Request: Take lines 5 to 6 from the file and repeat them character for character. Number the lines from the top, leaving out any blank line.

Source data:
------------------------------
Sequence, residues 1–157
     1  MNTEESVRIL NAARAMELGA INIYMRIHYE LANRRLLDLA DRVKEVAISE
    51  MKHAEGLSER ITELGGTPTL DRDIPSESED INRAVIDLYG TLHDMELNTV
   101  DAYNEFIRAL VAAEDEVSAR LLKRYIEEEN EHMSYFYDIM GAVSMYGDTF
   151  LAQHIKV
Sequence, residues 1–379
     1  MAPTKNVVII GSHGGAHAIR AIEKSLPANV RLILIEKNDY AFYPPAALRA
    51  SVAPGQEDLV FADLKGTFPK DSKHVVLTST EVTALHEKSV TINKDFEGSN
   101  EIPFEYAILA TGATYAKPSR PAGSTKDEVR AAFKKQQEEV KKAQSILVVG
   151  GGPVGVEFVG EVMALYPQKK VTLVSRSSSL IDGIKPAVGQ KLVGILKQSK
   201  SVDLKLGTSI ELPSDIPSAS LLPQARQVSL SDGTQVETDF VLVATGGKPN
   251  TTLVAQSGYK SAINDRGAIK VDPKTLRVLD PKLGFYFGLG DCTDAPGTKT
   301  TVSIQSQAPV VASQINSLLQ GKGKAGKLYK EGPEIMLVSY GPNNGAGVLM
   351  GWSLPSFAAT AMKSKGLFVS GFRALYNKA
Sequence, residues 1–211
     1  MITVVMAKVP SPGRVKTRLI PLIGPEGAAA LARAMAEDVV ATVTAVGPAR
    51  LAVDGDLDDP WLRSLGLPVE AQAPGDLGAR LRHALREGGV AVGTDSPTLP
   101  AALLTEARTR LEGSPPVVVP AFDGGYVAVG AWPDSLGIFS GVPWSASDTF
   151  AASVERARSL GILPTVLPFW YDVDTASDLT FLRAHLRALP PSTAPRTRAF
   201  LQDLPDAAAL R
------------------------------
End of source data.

   151  LAQHIKV
Sequence, residues 1–379